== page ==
Eleven months ago, Brennan Potts was starting a new business from his kitchen table and a nearby Starbucks, just like many entrepreneurs got their starts.
Unlike many entrepreneurs, he had $20 million to invest in that new business. He and his partners were buying minority pieces of horizontal shale wells in properties in South Texas and West Texas and some of the best shale plays in the United States, drilling for oil and gas using horizontal drilling technology (better known as “fracking”).
The 29-year-old recently was recognized in the 30 Under 30 issue of Forbes magazine. The article said Brennan “teamed up with two older oil and gas veterans to form Titanium Exploration Partners in 2014. The firm has raised $300 million in equity funding (fracking is capital intensive) and amassed interests in over 25,000 acres and 100 wells.” Brennan, who was nominated for the issue and was whisked off to New York for interviews and photo and video shoots, says he’s not really enjoying the press or attention. Rather, he is “just trying to navigate building my business in a $45 oil market.”
Being an entrepreneur is firmly embedded in Brennan’s DNA. His grandparents on both sides ran their own businesses in real estate and farming and his dad Randy ’78– who Brennan calls his inspiration — built his own Dallas real estate firm.
There’s also a bit of Baylor DNA floating around the Potts family. Brennan’s paternal grandmother ran a real estate business and raised five boys by herself and sent them all to Baylor. Brennan’s brother also went to Baylor as did his wife Jenna ’08, and Brennan says his newborn daughter Presley — born last week — can go “anywhere she wants for college but I’m only paying for Baylor.”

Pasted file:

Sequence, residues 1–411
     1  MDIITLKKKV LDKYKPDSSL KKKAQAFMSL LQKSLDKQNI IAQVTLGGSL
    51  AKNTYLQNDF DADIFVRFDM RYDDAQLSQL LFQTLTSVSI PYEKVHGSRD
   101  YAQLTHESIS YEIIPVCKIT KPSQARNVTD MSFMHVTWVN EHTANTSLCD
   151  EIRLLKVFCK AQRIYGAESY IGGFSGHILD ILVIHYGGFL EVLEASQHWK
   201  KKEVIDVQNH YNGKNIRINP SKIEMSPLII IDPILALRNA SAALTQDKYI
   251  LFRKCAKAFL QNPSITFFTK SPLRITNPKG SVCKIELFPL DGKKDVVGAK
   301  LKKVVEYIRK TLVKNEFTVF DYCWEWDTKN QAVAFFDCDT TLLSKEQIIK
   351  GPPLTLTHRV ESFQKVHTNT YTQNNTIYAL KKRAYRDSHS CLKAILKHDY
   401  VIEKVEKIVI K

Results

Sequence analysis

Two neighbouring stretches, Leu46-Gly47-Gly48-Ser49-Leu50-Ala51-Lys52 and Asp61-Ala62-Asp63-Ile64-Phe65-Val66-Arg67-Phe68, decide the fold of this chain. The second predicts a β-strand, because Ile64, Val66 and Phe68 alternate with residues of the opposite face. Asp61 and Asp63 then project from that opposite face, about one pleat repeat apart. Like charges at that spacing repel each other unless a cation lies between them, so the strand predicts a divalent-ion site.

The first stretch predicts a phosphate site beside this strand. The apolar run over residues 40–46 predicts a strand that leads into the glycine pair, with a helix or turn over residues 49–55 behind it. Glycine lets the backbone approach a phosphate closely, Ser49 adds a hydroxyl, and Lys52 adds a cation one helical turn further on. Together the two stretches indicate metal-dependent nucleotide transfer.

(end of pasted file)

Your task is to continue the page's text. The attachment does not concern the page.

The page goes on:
Brennan received his BBA in real estate from Baylor, but made a sharp pivot into the energy business when the real-estate market went south. Before Titanium, Potts worked for Valor Petroleum and at Upland Oil & Gas, where he worked on a deal to acquire drilling rights on 39 million acres in Peru.
So setting aside your entrepreneur gene for a second, how did Baylor help you arrive on your current path?
“First and foremost, it was the excellent network that I built at school and with people after I graduated that I didn’t know while I was at Baylor,” he says. “And the top-tier education and culture of excellence gave me the confidence to go out and be successful.”
Asked what makes him different from others his age, he says “I really believe it’s about being in the right place at the right time and recognizing the opportunity. Some people have ideas that are a few years too early, some a few years too late. I was lucky to be able to participate with two guys who have done this before and to build a business during the U.S. shale revolution.”
But Potts is quick to add that despite the Forbes recognition, he really hasn’t achieved success yet: “I’m still in building mode; it’s the early innings. But I do feel that I’m off to a very good, fast start.”